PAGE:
The story is told in a close 3rd person following closely the adventures and interactions of young Thomas. He wakes in a darkened elevator with no distinct memories of himself, his past, or his future. He remembers his name and has very vague memories about things of the world (he knows what an elevator is and general concepts like that, for example) but is totally oblivious as to his current situation. The elevator finally arrives in the Glade where he's welcomed by a group of boys no older than him (and many are younger). He quickly learns that they all came up through the elevator in the same way with the same amnesia and that none of them really have any sense of an overall purpose for the Glade or, the larger mystery, of the large maze surrounding the Glade from which there is apparently no exit. The 'Gladers' have organized a routine by which they sustain life through farming and they explore the maze through the use of 'Runners' who search each day for a way out. After 2 years, they haven't yet found an exit. Still confused and trying to understand things, the next morning brings another teenager in the elevator…the first girl ever to arrive at the Glade and she brings a message with her that "things are going to change."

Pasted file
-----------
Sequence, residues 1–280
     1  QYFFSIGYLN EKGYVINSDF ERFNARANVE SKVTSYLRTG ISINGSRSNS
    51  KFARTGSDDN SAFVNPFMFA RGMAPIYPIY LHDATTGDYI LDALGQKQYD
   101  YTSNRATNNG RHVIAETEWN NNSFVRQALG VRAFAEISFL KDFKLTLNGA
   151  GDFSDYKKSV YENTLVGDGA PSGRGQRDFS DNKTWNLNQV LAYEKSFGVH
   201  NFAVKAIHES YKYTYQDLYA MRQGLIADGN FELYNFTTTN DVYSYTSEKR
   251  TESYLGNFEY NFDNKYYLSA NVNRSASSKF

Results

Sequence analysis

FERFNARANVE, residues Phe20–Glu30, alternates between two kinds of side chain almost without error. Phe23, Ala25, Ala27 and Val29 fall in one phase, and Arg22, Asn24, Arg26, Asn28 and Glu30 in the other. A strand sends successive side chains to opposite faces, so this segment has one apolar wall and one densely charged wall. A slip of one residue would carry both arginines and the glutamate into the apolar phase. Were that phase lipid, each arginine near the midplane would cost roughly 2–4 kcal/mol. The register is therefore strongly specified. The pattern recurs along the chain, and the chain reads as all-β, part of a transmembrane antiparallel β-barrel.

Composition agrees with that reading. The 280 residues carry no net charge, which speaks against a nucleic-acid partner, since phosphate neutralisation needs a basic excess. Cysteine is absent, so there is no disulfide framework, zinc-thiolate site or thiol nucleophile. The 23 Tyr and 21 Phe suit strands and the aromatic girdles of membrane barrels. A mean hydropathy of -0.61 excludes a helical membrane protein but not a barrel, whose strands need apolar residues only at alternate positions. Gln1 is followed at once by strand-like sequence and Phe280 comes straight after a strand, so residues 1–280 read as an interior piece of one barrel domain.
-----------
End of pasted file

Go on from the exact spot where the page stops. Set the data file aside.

Thomas is the central character that we follow on the journey. We get his thoughts and analysis along the way and we unravel the mystery along with him. We experience a sense of amnesia along with him as we try to figure out what could be going on and why. As various elements unravel that confront Thomas with some potentially harsh truths about himself, I found myself feeling some of the pressure on him as though the accusations were coming at me and I didn't understand why. I guess what I'm saying is that it was pretty easy for me to relate to Thomas…not just because he's a male protagonist but also because the presentation allowed me to learn along with him and to feel very close to his confusion and his emotions.
We don't get as close to the other characters but we do learn a lot about their personalities through their interactions with Thomas and the other Gladers. Even though the various leaders in the Glade have distinct personalities they felt largely the same to me in two main categories…those who were pro-Tom and those who were anti-Tom. I often lost track of which Glader was speaking/acting at a certain time because apart from those two main groupings, a lot of their behaviors/dialogue/actions were very similar. Still, many of them did do very unique things at key moments in the story which set them apart, but generally, the Gladers fit into these key groups.
The one Glader who was different was Chuck. Chuck was the seemingly out-of-place Glader who was almost an outcast among this group of outcasts/exiles/whatever-they-were kids in the Glade. He didn't have many (any?) friends. His skillset was low. Early on, Thomas was easily annoyed by Chuck, but as the book went on, Chuck became the enduring and sympathetic character.